up this series with a few observations.

* Freelance photographers will shake off the creative
malaise of the last few years and again shoot for the sheer
creative joy of it. They will produce high-quality, fresh
work that can demand higher prices.

It is doubtful that the first five years of the third
millennium will be known for the creative brilliance of its
advertising, design or photography.

Stung by the bursting technology bubble, terrorist attacks,
war, and a splintering mass media, we've all retreated into
the safety of the tried and true.

Stock photography libraries are bulging with millions of
look-alike images, many of which were (or could have been)
created ten years ago. More than half the ads in the
November edition of Wired magazine (once an irreverent
trendsetter) could have run in the latest Businessweek --
for all the new ground they break. The same was true of a
number of the Wired editorial images.

This creates a basic marketing dilemma for freelance
photographers. On the one hand, the market demands nothing
especially new. On the other hand, the returns from a
mass-produced product are always less than the returns from
crafted products. When photo-hobbyists can offer reasonably
good facsimiles of professional images for $1 on cheapo web
sites, when high-output production companies can create
similar images without breaking a sweat, the price of
imagery drops for everybody.

And that is exactly what we have seen during the last few

Professional photographers and their customers will (are
already starting to) realize this, and we will see some
very new looks emerge over the next decade as freelancers
rev their engines and put some pavement between themselves
and everyone else.

* Stock distributors will continue their experiment with
wholly owned imagery, but will find it a mixed bag.

Try this: go to the guy who owns your local hardware store.
Tell him that from now on you will supply all his nails,
screws, faucets electrical products, ductwork, tools,
accessories and just about everything else he sells. And --
get this -- he doesn't have to pay you for anything until
he sells it.

A huge grin will spread across this merchant's face. It
should. You just made his life a whole lot easier. No more
bank loans to buy inventory. No more worries about product
left over at the end of a season. Even recessions become
manageable. No more deep store-wide sales just to earn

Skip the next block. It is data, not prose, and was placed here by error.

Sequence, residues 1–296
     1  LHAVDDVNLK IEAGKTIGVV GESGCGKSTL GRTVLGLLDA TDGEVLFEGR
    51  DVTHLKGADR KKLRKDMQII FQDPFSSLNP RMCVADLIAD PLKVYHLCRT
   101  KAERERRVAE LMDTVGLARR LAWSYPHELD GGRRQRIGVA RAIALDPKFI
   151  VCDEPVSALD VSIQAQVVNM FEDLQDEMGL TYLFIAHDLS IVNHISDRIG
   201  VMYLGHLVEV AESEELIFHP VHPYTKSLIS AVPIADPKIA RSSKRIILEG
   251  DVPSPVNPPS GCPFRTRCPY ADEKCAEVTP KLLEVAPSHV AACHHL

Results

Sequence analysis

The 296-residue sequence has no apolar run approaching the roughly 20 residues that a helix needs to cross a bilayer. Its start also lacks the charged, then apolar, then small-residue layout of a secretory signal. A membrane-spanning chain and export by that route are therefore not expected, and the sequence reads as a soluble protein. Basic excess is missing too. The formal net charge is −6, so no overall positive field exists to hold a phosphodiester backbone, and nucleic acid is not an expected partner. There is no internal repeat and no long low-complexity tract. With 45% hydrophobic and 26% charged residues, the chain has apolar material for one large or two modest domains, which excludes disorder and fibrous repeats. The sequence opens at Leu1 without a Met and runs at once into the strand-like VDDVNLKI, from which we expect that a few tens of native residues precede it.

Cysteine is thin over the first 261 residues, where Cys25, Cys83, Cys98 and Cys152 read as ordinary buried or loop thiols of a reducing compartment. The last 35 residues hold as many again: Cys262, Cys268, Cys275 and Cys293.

enough money to pay the bank notes on time!

Owning your own inventory is, at best, a mixed blessing.

Still, stock suppliers, who, until recently, have mostly
sold images owned by photographers, seem intent on creating
large parts of their own inventories.

The distributors feel they need wholly-owned content for
their new subscription services. At the same time, some
want to own more of the traditional royalty-free and
rights-managed content as well.

But, the jury is still out on subscriptions. No one really
knows how well these services will pay off in the long run.

And, while owning your rights-managed and traditional
royalty-free imagery means collecting more money from each
sale, it also means eating the costs of creating, scanning,
keywording, uploading and managing all the duds.

It also means the distributors own the images when they go
out of style, a process that starts almost as soon as a
collection is uploaded to the web and accelerates for
several years thereafter. While some images stay current
for years, many become unsalable because of trends, new
aesthetic styles within photography and changes in the
world we live in.

For example, the computers and cell phones of today all
look considerably different from those popular just a few
years ago. Shoot an image of the lower Manhattan skyline
today and it will be pretty much useless when they finally
build something to replace the World Trade Center.

And, for stock distributors, there is one risk that a
hardware store owner never has to deal with -- complacency.

When you own many of the images in your library, it is very
hard to remove those going out of style, especially if they
still sell to a portion of the buying public that doesn't
notice change quickly. You want to wring every last penny
of revenue out of them.

It could be argued that this is what happened to Comstock,